Advice to Georgia on following path to democracy
Last week's declared state of emergency in Georgia came as a shock. The Rose Revolution's democratic experiment in this small but strategically vital country seemed to dissolve in clouds of tear gas. Peaceful demonstrations escalated into violence and calls for the overthrow of the government. After the police tried and failed to clear Tbilisi's main boulevard, a state of emergency was declared, including closing an anti-government TV station that had broadcast calls for the government's overthrow. By coincidence, I arrived in Tbilisi shortly after the state of emergency was declared. Like many westerners, I asked if Misha Saakashvili, Georgia's charismatic president, had gone bad. How could the leaders of the Rose Revolution put their country in the same corner as Pakistan and Burma?
I spent the next few days with government leaders, the opposition and civil society trying to answer that question. The decision to enact the state of emergency was not taken lightly. It was debated fiercely and decided collectively in the cabinet, including by many whose democratic credentials can hardly be questioned. Having spoken to Georgians involved in that decision, very few of them regret it. They believed their fragile democracy was at risk. Many consider it a significant accomplishment that the state finally showed it could defend itself. As westerners living in comfortable societies, we have trouble understanding the insecurity of a country that has teetered on being a failed state. The decision may still have been wrong, but we should see the motives behind it.
Second, Moscow is pursuing its own version of democratic rollback and regime change against Georgia. Whether Moscow was involved in planning the calls to overthrow the government is less clear. The Georgian government insists it was and has pledged to provide evidence. As I left Tbilisi, I had not yet seen conclusive evidence. That does not mean it did not happen. One of the pernicious consequences of constant Russian interference is that it has created a siege mentality. Even though much of the opposition is as pro-Nato and anti-Moscow as the government, part of it is not and fear of a Russian fifth column is widespread. Henry Kissinger once remarked that even a paranoid had some real enemies. Georgia today faces real enemies.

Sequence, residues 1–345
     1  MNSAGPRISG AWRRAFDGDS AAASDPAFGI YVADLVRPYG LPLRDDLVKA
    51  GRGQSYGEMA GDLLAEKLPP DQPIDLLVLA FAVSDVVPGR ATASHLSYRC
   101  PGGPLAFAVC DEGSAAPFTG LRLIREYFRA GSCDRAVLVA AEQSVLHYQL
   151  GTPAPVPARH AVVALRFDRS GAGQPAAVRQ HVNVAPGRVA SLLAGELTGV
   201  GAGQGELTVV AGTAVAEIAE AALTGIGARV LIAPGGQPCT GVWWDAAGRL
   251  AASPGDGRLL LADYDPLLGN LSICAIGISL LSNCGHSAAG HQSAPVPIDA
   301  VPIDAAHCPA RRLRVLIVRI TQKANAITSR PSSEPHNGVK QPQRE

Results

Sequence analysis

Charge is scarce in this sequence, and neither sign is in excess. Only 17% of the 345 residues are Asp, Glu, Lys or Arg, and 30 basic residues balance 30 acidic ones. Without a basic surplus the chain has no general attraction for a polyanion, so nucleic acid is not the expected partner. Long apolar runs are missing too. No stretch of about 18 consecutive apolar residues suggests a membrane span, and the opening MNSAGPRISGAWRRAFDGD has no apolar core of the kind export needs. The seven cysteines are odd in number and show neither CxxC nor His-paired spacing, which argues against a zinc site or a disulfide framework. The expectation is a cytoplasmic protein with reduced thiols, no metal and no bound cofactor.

I discussed the events with Mr Saakashvili. He is a man whose role models are the Turkish strongman Kemal Ataturk for his westernisation drive; David the Builder, a historic Georgian king, for unifying his country against the threat of separatism; and Finnish Marshall Mannerheim who fought the Russians to a standstill. I was his latest western visitor, most of whom had come to lecture him on democracy and the damage his actions had done to Georgia's image. But he is confident that this step was needed to save Georgia and that his people understand. He believes they will honour that decision by re-electing him.
What needs to happen next? First, the government must clean up the mess left by its actions and lift the state of emergency and media restrictions. An independent commission should investigate the events and set the record straight. Cases of excessive force must be investigated and compensation given for material damage.
Second, Georgia needs to re-establish its democratic credentials through presidential elections on January 5, as well as subsequent parliamentary elections. They need to be not only free and fair but squeaky clean. The world will be watching to see whether the government and opposition have matured and to assess whether last week's events were an aberration. Third, the government needs to avoid being drawn into provocations emanating from Moscow in South Ossetia or Abkhazia as we face the end game in Kosovo as well as Russian elections.
Young democracies make mistakes. Older ones do too and it is not only the Georgians who must do better. This is a moment of vulnerability for the region's only true democratic experiment. The west needs to embrace Georgia in two ways. Tbilisi needs tough love to ensure it stays on a democratic path. But it also needs to be shielded from Moscow's pressure. Many in the west continue to ignore or play down this threat. As one European official put it, if he told his home capital what the Russians were up to in Georgia no one would believe him. Standing up for democratic values cannot only mean criticising Mr Saakashvili. It also means standing up for Georgian independence and its territorial integrity.
The writer is executive director of the German Marshall Fund's Transatlantic Center in Brussels.